Thursday, 27 August 2015

Theatre and Arts ‘Must Remain to Be With the People’

Benefits of freedom of expression to peace, democracy and national development in Transformative Theater.

A presentation to the Edzai Isu Arts Project, Transformative Theater Training Workshop,
Zimbabwe Hall, Highfields, Harare, Zimbabwe
Thursday 27 August 2015,

By Takura Zhangazha*

Convener and Director of Edzai Isu Arts Project Cde Tafadzwa Muzondo and the facilitators of this very important meeting on Transformative Theater and its relevance to freedom of expression,
The facilitators of the specific training that this meeting is undertaking with the support of the Swedish International Development Agency (SIDA) and Danish International Development Agency (DANIDA)

The artists here present and among them I must include Cde Jingo James and Mai Masango with whom I have had a long association when together we were involved in organizing community driven theater and drama on the importance of broadcasting and community radio stations for development in Zimbabwe,

Comrades, colleagues and friends,
I have to thank you for the invitation to one of the oldest townships in Harare, Highfields, where arguably  the mustard seed of freedom of expression, association and assembly were initially sown by our nationalist heroes. Like Mbare, Makokoba, Sakubva, this township was witness to the first expressions of anti-colonial nationalism through, song, written word, transformative theater and other cultural activities that helped fortify the ideological beginnings of the struggles for our national independence.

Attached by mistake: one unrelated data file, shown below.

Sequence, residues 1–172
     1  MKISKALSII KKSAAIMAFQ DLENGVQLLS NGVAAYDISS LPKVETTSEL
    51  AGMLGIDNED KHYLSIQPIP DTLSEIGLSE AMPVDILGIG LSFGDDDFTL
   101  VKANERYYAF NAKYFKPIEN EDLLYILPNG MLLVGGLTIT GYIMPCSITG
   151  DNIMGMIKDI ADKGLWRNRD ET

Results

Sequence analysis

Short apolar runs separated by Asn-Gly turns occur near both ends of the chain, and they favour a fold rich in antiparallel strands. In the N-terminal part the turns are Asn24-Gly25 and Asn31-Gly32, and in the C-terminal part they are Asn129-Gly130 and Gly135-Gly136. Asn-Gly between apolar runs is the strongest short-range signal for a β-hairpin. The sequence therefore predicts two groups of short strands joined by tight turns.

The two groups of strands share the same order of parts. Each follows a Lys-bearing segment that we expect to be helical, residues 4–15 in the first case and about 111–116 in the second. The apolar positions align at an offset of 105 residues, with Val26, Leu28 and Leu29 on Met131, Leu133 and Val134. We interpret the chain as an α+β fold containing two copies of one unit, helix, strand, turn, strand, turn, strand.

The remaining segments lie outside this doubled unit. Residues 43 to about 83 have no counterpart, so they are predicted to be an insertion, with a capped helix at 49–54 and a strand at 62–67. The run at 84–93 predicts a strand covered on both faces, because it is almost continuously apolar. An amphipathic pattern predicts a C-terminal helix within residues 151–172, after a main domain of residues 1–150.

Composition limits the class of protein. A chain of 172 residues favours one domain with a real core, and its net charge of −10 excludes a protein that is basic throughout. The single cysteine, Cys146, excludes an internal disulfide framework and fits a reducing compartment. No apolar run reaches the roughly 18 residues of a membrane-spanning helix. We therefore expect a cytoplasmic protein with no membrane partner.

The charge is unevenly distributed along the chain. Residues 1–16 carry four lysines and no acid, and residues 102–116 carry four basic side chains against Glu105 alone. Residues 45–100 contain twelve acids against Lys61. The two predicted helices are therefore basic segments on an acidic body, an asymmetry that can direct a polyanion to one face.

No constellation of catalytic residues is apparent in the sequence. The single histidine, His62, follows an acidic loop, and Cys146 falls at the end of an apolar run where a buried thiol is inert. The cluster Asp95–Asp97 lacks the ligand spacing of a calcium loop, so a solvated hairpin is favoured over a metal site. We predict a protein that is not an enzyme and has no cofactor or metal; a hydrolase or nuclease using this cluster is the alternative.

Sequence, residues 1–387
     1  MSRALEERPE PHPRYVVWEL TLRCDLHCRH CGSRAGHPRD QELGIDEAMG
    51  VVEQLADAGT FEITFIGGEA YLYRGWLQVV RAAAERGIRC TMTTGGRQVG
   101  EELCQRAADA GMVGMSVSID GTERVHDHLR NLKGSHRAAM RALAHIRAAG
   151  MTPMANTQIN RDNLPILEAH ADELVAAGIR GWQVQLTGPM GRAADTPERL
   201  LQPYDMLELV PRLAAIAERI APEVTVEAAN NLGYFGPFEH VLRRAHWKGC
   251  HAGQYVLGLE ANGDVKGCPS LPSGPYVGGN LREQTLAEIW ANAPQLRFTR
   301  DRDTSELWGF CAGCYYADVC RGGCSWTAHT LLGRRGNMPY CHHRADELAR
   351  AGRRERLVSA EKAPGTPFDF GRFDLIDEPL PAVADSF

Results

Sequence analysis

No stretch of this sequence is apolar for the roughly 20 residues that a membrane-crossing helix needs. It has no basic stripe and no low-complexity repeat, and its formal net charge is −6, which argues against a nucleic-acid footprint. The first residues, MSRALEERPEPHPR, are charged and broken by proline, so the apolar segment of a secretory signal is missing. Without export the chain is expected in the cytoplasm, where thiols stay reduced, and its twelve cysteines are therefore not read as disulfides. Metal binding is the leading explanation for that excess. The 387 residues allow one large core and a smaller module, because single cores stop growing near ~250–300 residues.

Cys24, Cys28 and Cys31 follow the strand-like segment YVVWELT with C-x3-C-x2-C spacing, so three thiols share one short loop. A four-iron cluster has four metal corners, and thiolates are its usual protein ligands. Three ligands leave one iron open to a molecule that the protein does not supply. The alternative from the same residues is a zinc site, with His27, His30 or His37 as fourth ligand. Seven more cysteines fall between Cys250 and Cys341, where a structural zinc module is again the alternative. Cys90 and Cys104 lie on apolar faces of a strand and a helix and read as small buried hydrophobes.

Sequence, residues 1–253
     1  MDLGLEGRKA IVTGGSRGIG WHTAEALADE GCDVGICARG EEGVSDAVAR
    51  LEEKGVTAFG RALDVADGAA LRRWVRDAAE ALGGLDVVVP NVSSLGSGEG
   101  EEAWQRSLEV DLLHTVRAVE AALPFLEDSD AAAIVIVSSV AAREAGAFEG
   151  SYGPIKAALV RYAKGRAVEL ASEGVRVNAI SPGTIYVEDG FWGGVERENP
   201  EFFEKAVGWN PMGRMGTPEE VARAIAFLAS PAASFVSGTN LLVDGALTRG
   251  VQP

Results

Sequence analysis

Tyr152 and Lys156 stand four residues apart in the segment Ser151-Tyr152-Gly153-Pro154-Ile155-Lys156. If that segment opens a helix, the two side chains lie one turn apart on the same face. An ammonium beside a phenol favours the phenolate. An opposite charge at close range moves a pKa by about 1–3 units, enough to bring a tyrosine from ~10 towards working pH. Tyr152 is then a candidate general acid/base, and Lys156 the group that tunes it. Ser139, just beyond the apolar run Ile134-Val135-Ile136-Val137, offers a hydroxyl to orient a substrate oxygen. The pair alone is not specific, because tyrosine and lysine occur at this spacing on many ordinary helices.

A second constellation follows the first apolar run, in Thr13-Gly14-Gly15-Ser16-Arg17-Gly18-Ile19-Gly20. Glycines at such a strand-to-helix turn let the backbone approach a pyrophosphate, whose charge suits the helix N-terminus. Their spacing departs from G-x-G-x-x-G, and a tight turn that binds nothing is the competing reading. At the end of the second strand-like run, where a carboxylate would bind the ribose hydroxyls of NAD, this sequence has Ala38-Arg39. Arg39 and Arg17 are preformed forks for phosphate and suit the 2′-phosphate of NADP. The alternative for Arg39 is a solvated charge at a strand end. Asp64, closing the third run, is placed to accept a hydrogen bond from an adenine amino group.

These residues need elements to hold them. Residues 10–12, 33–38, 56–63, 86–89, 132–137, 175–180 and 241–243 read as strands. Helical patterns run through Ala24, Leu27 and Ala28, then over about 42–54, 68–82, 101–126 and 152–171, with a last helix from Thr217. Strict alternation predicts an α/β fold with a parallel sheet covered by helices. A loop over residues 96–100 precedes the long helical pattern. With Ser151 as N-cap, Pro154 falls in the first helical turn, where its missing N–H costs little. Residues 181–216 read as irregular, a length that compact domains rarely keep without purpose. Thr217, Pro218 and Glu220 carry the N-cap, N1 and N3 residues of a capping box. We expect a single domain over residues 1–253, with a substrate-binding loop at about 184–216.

I have made reference to the somewhat religious term mustard seed because it is an historical fact that many of our African Pentecostal churches emanated from this important township.  These would include ZAOGA among others and their contemporary offshoots across the iconic Harare River, the Mukuvisi. 

It is the historically binding understanding of the democratic significance of freedom of expression, media freedom and access to information at urban grassroots level that not only brings us together but also helps to explain our understanding of our contemporary realities. Political, religious and cultural practices exercised with the stubborn intentions of exercising the right to  freedom of expression and association shaped our understanding of not only our struggles but also of our human development challenges.  

And I need here to therefore add what should be a truism.  There is no single nationalist, late or living who can claim that they had no influence culture  in relation to education, musical, theatrical activities into coming into full liberation struggle consciousness.  Indeed Marxism and Communism were to help militarise the struggle but we owe it to the broader cultural expressions of our identity in its unified but diverse forms that we came to understand freedom not only in its redemptive fullness but its pragmatic import for our own betterment as a people. 

It is in this context that the artistes here present have to place themselves. Not that they are war veterans or political national heroes leaders but more because we must understand the historical significance of our right to freedom of expression as is now universally given. 

Even the topic of this presentation, where it relates to national development and the role of freedom of expression, access to information and media freedom cannot skirt this historical fact. 
Therefore when we talk of freedom of expression and its benefit to national development we are essentially talking about our past, present and future. There are therefore no PhDs required here. Just our collective understanding of who we think we are as a people, country and as citizens.